Nutrition 12/2011; 28(6):686-90. · 2.86 Impact Factor
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    ABSTRACT: In this study we investigate whether dystrophic intrinsic laryngeal muscles (ILM) from aged mdx mice show alterations in dystrophin-glycoprotein complex (DGC) components.Immunofluorescence and immunoblotting analyses of beta-sarcoglycan, beta-dystroglycan, and utrophin showed that aged ILM had a similar pattern of changes in aged affected muscles (diaphragm and limb), suggesting that aging leads to changes in utrophin and DGC proteins in dystrophic ILM that cannot be correlated with their protection from dystrophic change.
    Muscle & Nerve 12/2011; 44(6):978-80. · 2.31 Impact Factor
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    ABSTRACT: In Duchenne muscular dystrophy (DMD) and in the mdx mouse model of DMD, the lack of dystrophin is related to enhanced calcium influx and muscle degeneration. Stretch-activated channels (SACs) might be directly involved in the pathology of DMD, and transient receptor potential cation channels have been proposed as likely candidates of SACs. We investigated the levels of transient receptor potential canonical channel 1 (TRPC1) and the effects of streptomycin, a SAC blocker, in muscles showing different degrees of the dystrophic phenotype. Mdx mice (18 days old, n = 16) received daily intraperitoneal injections of streptomycin (182 mg/kg body wt) for 18 days, followed by removal of the diaphragm, sternomastoid (STN), biceps brachii, and tibialis anterior muscles. Control mdx mice (n = 37) were injected with saline. Western blot analysis showed higher levels of TRPC1 in diaphragm muscle compared with STN and limb muscles. Streptomycin reduced creatine kinase and prevented exercise-induced increases of total calcium and Evans blue dye uptake in diaphragm and in STN muscles. It is suggested that different levels of the stretch-activated calcium channel protein TRPC1 may contribute to the different degrees of the dystrophic phenotype seen in mdx mice. Early treatment designed to regulate the activity of these channels may ameliorate the progression of dystrophy in the most affected muscle, the diaphragm.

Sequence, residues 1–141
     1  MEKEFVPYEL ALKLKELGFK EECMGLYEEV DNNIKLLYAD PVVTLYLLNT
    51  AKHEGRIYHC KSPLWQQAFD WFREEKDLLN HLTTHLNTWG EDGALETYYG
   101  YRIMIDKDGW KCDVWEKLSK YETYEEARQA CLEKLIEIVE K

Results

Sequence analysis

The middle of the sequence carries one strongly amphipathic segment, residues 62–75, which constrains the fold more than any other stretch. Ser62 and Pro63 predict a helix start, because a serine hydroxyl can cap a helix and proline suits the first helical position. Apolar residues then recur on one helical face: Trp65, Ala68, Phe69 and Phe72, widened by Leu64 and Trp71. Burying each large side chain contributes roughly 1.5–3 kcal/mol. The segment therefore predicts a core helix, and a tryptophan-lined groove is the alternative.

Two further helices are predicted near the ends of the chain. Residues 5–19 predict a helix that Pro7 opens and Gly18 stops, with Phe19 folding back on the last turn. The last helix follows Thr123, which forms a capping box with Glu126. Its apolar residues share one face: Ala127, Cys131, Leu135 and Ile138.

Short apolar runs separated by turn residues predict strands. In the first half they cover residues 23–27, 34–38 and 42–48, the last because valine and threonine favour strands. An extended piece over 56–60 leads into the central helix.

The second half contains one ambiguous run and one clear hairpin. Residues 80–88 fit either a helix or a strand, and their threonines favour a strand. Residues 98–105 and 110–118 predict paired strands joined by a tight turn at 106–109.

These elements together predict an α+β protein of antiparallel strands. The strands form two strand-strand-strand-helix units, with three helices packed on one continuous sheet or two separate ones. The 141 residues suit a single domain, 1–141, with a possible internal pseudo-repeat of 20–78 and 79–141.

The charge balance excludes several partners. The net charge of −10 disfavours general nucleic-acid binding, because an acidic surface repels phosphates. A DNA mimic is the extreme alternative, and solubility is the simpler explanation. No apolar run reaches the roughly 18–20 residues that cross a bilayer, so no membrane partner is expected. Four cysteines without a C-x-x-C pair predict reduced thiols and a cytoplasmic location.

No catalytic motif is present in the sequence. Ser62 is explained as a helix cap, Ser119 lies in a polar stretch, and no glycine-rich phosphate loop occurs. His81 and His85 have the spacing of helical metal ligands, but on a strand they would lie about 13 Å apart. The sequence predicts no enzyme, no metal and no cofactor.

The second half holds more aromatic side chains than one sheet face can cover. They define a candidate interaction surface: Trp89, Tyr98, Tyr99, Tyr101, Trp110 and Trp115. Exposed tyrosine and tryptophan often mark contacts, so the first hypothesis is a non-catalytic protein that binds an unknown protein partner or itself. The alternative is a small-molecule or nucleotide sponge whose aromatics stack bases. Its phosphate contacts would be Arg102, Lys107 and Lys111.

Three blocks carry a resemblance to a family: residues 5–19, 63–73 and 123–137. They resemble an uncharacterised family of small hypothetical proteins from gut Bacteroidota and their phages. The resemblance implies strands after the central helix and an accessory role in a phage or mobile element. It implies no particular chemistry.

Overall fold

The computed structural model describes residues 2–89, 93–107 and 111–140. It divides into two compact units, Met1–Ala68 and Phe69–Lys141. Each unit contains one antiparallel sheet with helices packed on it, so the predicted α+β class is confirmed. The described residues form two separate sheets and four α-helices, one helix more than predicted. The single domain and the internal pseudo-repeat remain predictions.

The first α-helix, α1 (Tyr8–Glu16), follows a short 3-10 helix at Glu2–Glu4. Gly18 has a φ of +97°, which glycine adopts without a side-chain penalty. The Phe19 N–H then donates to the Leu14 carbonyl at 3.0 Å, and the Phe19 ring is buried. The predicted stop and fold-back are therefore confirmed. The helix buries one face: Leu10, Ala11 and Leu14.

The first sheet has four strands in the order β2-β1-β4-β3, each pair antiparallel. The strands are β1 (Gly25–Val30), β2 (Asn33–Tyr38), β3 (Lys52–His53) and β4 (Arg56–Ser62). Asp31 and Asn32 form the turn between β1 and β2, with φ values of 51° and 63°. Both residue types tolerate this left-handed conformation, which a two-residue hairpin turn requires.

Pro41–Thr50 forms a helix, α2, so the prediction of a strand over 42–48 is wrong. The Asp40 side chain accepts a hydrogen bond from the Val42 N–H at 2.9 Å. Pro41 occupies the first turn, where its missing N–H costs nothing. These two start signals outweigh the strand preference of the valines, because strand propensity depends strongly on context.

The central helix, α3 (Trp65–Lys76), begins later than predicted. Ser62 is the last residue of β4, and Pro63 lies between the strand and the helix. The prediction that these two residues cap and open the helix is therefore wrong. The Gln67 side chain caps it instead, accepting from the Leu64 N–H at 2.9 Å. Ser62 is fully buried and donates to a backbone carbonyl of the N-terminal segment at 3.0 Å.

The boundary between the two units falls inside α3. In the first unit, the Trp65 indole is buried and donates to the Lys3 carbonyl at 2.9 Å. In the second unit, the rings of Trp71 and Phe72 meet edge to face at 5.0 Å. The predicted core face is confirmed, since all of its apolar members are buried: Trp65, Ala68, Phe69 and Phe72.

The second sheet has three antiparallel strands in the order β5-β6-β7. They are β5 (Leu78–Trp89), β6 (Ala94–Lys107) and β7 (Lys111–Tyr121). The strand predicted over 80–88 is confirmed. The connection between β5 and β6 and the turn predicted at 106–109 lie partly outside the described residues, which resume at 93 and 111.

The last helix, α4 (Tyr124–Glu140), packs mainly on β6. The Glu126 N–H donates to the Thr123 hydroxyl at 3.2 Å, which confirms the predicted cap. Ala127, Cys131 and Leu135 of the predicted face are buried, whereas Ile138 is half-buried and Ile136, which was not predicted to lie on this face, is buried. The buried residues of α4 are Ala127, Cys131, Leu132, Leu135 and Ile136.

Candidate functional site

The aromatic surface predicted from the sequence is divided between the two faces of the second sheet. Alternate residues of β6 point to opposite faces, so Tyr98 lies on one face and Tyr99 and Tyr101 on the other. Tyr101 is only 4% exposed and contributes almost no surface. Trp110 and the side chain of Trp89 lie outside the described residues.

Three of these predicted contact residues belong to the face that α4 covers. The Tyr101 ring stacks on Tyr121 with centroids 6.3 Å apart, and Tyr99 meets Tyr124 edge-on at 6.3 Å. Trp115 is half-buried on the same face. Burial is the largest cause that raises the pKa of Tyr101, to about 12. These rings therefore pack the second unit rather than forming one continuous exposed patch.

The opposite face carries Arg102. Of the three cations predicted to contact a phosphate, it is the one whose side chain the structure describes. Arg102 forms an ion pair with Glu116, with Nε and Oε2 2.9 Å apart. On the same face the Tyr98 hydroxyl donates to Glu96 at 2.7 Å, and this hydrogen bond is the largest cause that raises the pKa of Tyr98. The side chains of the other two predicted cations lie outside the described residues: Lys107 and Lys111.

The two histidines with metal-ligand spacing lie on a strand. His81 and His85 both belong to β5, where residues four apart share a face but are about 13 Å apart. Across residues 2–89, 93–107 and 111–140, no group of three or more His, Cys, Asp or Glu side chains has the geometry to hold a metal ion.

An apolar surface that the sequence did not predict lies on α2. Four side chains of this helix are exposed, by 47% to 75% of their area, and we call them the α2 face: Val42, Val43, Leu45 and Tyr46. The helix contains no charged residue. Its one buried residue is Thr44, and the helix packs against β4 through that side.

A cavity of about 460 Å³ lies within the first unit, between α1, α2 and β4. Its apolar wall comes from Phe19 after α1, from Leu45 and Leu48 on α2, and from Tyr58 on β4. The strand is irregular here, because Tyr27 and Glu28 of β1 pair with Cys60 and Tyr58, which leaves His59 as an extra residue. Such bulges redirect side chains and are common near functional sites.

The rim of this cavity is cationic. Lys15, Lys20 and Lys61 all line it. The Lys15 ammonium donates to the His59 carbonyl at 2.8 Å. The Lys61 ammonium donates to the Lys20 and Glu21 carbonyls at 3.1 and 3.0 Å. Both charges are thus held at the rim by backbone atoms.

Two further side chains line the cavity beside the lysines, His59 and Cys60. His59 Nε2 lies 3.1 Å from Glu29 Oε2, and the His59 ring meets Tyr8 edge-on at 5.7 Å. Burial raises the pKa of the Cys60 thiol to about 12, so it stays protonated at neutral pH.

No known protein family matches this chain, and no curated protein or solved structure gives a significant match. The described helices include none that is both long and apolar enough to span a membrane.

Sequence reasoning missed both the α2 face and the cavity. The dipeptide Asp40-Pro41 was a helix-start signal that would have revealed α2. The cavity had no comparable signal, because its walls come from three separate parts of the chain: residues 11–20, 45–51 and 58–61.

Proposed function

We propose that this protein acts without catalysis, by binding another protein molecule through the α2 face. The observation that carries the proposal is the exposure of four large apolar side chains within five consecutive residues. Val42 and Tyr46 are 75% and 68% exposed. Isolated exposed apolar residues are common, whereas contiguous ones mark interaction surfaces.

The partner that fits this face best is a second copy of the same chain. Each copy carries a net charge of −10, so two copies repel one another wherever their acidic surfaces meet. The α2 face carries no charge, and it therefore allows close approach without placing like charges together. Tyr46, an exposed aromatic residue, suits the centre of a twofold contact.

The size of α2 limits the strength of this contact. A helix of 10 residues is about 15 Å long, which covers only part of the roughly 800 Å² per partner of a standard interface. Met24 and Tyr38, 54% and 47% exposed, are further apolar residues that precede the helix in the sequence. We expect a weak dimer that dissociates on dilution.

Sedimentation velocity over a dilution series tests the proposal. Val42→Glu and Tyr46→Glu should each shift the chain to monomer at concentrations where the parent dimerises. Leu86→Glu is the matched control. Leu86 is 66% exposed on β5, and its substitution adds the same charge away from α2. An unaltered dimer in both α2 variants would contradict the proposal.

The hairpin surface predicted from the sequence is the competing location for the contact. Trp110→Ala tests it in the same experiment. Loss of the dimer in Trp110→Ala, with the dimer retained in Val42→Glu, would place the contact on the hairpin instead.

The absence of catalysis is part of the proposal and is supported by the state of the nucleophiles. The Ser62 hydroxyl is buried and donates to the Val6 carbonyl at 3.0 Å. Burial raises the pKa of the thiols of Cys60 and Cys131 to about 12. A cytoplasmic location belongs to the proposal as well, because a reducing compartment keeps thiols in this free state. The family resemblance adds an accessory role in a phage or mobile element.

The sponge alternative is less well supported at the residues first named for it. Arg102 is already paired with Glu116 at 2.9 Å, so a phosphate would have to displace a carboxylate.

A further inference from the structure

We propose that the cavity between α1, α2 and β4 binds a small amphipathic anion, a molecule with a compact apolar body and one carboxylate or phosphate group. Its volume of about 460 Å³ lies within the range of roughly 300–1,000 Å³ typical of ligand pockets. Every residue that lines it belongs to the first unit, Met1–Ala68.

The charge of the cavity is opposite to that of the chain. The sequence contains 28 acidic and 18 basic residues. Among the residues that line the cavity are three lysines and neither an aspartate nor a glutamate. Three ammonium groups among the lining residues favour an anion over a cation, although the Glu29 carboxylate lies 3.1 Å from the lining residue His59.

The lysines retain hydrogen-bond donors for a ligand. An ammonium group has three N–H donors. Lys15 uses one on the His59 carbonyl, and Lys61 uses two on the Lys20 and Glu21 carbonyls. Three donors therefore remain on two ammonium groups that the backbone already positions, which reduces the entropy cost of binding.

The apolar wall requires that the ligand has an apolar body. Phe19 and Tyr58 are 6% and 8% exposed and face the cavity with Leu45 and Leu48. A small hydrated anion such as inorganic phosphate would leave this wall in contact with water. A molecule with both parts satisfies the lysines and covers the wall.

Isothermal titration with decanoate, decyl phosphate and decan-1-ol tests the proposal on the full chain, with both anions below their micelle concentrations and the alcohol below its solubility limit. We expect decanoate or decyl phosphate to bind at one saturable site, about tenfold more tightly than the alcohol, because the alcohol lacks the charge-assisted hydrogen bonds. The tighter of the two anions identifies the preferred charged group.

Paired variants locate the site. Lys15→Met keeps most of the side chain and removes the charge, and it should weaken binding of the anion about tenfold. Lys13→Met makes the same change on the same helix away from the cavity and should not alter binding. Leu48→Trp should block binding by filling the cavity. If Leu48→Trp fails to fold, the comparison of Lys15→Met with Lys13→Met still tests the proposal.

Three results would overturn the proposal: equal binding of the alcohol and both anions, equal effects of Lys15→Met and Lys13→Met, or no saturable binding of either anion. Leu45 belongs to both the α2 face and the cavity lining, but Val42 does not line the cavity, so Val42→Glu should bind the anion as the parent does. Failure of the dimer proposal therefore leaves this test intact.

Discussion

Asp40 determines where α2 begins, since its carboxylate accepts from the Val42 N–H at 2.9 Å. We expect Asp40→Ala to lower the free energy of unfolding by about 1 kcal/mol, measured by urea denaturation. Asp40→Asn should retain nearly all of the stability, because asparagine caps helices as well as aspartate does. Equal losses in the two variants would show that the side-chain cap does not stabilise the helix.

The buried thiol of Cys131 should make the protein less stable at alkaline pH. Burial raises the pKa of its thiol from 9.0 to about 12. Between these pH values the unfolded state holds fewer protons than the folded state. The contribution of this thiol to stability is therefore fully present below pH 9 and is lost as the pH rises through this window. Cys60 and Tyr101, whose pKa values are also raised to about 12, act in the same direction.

AJP Cell Physiology 09/2011; 301(6):C1344-50. · 3.71 Impact Factor
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    ABSTRACT: The anatomy of the Guyon canal is crucial for open and endoscopic surgeries for ulnar canal syndrome at the wrist level. It is also of interest for surgical treatment of carpal canal syndromes. Whereas the Guyon canal is largely described in adults, no studies exist in children. In the present study, the authors examined the Guyon canal in children. Sectional anatomy was used. Thirty-two formalin-fixed cadavers (64 sides) were examined (age range 2-11 years). The hands were transversely cut into 2-3-mm-thick slices. Slices were placed in embedding medium, and transverse sections (10 μm thick) were stained with histological methods and photographed under a light microscope. The roof of the Guyon canal was attached to the flexor retinaculum laterally to the hamulus of the hamate bone. Thus, the radial boundary of the Guyon canal was lateral to the hamulus, which became part of the floor of the Guyon canal. An ulnar neurovascular bundle was found directly volar to the hamulus in 93.8% of the cases and slightly medial to the hamulus (to the ulnar side) in 6.2% of the cases. Proximally, the ulnar artery and nerve were sustained by the flexor retinaculum in direct apposition to the carpal canal. In children, the Guyon canal displays an anatomical particularity regarding the topography of the ulnar artery and nerve that may be of relevance for intraoperative orientation and endoscopic navigation to avoid lesions to the ulnar nerve and artery in carpal and Guyon canal syndromes.
    Journal of Neurosurgery Pediatrics 03/2011; 7(3):286-9. · 1.63 Impact Factor
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    Renato Ferretti, Humberto Santo Neto, Maria Julia Marques